OF THE BABY NAME TONY
Tony is one of the two star-crossed lovers in the Broadway musical adaptation of the Romeo and Juliet tragedy – West Side Story, which was also made into a major motion picture of the same name in 1961, with Richard Beymer playing Tony. Tony is a former leader of the Jets, a gang of second-generation American teens, while Maria’s brother is the leader of the rival Sharks, made up of Puerto Rican immigrants. Against this backdrop of racial tension and suspicion, the young lovers try to transcend their pre-ordained fate. Tony has left the gang and taken a legitimate job, trying to rise above the tenement neighborhood. Having met and fallen in love with Maria, he looks to a bright future. He is reluctantly drawn back into the gang warfare, although he tries to make it as fair a fight as possible. Violence reigns, however, and the young lovers are separated by Tony’s death by stabbing. He leaves behind a grief-stricken Maria, but also, a shred of hope that the futility of bloodshed has been realized, and peace will prevail.
Tony is the protagonist of 1977 film, Saturday Night Fever, starring a young John Travolta in his signature role. Young Tony is of working class Brooklyn origins, with a minimal education, stuck in a dead-end clerking job. But ah, on Saturday nights – he is King of all he surveys at the local discotheque. Dancing to the tunes of the unforgettable Bee Gees’ soundtrack, decked out in his seventies’ white suits and paisleys, Tony rules. On the dance floor, he is beautiful, graceful, limit-less – women love him, men envy him. He can step beyond the confines of his restrictive environment into a wonderland of light and lyrics. There are some ugly twists to the plot, but at the movie’s end we sense Tony’s coming of age and his first tentative steps toward a maturity that fully recognizes all aspects of his life and seeks to deal with them in an honorable way.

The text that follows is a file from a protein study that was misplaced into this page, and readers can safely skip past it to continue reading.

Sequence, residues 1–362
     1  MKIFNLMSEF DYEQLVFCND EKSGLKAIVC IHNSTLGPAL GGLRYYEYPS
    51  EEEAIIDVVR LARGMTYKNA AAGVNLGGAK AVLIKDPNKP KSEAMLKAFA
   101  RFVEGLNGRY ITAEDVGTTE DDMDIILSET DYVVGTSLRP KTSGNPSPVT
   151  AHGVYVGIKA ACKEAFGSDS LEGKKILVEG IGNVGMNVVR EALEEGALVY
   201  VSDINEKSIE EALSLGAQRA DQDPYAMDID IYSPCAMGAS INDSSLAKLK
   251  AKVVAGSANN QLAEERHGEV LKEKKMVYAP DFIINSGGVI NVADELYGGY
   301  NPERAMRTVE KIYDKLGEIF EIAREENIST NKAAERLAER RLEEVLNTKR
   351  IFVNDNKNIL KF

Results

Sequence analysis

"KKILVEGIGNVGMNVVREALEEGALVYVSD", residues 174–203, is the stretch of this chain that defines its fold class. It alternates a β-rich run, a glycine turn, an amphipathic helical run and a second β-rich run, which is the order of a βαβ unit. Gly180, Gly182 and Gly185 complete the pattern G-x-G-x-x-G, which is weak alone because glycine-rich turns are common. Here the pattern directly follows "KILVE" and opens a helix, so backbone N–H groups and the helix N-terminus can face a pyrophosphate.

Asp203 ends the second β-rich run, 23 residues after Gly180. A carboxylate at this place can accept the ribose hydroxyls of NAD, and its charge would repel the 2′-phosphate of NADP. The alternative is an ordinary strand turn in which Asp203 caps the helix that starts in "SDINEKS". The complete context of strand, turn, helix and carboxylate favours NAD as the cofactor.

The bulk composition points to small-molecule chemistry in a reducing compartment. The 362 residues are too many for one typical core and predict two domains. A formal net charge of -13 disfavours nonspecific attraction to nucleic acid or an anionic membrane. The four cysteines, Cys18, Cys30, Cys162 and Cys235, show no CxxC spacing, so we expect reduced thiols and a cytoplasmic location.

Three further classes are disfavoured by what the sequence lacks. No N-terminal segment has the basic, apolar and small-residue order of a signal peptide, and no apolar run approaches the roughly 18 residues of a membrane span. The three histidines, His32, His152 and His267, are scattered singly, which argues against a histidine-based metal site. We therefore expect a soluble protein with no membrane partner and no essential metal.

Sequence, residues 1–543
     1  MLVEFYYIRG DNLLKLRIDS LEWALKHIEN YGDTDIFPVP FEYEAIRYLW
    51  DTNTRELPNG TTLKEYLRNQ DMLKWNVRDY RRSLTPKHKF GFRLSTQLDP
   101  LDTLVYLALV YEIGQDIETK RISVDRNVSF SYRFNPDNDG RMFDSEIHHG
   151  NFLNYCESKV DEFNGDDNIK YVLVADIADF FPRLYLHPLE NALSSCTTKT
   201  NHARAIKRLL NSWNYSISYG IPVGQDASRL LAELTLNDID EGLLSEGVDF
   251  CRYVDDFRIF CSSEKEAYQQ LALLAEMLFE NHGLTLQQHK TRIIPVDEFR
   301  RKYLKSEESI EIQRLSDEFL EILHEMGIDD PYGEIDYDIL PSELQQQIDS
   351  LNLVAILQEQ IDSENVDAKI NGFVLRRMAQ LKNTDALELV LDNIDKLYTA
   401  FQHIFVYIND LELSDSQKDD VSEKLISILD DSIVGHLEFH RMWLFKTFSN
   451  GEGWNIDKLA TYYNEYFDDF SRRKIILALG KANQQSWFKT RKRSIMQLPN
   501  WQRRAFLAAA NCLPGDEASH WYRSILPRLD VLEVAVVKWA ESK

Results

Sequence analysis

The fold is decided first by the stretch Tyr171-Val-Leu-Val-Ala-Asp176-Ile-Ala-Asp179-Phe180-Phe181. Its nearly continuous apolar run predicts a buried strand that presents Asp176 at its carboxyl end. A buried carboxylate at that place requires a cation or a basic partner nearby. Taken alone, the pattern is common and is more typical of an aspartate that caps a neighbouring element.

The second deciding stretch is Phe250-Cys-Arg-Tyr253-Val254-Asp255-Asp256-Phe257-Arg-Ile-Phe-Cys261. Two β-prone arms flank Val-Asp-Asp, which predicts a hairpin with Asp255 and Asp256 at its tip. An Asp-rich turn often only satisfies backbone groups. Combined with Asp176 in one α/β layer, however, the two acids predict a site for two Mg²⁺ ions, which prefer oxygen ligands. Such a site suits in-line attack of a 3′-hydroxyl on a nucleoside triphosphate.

Tony Soprano is the main character in the hugely popular HBO television drama series, The Sopranos, who was played by James Gandolfini. He is an Italian-American crime boss in New Jersey, caught between balancing his mobster duties with those toward his family, and suffering in resultant depression, guilt and panic attacks. In seeking psychiatric treatment for these symptoms, Tony explores his past and present, giving us a window into his heart and soul. He is a very complex man, at once a tender and loving husband and father, while also managing to entertain a number of mistresses on the side. He is proud of his children, overprotective of his daughter, and hopeful that his son will not follow in his footsteps, as he did in his own father’s. He loves animals, sports, music, history and movies. Oh, and he does a lot of killing. Nobody’s perfect. Somehow, Tony manages to grab and hold our sympathy, even as we witness the fallout from his chosen life. Is it that way with all godfathers?
Tony is the alter-ego of little Danny Torrance in Stephen King’s 1977 horror novel, The Shining, which was made into a successful 1980 film (with an adorable Danny Lloyd as the child). Danny’s baffled parents see Tony as an “imaginary friend”, but he takes over the inner Danny in weird and frightening ways, sending the child into hypnotic trances and communicating to him in unsettling ways. Danny himself describes him thusly: “Tony is a little boy who lives in my mouth.” Yikes. Nonetheless, when things get creepier and creepier at the Overlook Hotel, it is Tony’s warnings that alert Danny to the danger he is in and the mortal threat that his own father presents to him. So in spite of his eerie origins and his gravelly voice, Tony really represents the part of the child that is aware of the vagaries of the adult world, and is on guard against them. At least, that’s what we’d like to think!